This approach is probably familiar to anyone who has been a Christian for very long.

What this approach does not consider is whether God has actually promised to “reveal” certain things to us in the first place. I am not saying that God never gives us clear direction. I am saying that there is no guarantee that God will always bless someone’s attempt to seek His will through the means listed above.

Don’t get me wrong. There are aspects of some of the actions above that are appropriate (especially “study the Bible” and “seek counsel”). However, with others there are definite inadequacies and even dangers involved. What dangers and inadequacies may be involved in attempting to discern God’s will in that way?

Although few are bold enough to say that we should not study God’s Word or seek counsel, on a practical level this is often what dangerously happens. Sadly, if someone is convinced that their experience of any of the other “signs” above are clear and direct leading from God Himself, it is generally very difficult to persuade them otherwise. In many of those cases “biblical principles” are forgotten, ignored, or even shoved aside.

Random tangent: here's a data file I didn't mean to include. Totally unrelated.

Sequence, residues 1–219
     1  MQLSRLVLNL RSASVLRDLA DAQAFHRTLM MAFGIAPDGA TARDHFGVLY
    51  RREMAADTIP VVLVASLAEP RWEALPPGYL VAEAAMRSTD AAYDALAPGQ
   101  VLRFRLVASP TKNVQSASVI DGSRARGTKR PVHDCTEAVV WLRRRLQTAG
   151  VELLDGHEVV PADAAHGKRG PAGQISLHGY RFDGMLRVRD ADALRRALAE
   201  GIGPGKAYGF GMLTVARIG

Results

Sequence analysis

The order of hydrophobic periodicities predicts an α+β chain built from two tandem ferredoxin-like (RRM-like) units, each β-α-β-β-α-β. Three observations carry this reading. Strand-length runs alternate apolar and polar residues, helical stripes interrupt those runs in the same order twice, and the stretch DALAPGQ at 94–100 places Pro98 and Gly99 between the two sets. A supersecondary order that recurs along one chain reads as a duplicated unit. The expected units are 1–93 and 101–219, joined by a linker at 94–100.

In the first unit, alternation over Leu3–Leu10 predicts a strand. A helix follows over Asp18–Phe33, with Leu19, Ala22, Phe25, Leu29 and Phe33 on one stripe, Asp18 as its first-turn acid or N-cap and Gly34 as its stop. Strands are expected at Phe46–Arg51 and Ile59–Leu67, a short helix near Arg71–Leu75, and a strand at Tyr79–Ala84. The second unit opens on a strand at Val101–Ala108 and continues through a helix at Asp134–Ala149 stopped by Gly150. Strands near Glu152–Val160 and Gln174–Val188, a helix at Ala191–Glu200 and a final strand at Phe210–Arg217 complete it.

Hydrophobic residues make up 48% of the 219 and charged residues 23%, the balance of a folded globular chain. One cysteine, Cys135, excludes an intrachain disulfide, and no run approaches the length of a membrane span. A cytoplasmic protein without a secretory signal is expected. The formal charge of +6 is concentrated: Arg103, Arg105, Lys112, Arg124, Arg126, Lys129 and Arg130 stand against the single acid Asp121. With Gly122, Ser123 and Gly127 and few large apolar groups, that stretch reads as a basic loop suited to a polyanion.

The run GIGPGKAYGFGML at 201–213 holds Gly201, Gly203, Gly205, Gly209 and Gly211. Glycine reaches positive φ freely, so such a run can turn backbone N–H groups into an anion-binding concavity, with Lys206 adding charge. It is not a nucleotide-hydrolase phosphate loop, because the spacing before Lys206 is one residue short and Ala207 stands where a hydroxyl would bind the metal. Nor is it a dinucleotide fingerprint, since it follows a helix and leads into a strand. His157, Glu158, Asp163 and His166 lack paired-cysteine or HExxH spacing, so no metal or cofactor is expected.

We have the promise that Scripture is infallible. But there is no guarantee that any other standard or experience in the above list carries that guarantee. How is it that the other common “guidance principles” above might lead us astray? Let’s look at them one at a time.

  • Common sense – Although I don’t believe God typically violates what we would call “common sense,” some would consider it common sense to get married if the couple is pregnant out of wedlock. Common sense often is equated with “what do others commonly do?” That could very easily not be honoring to God.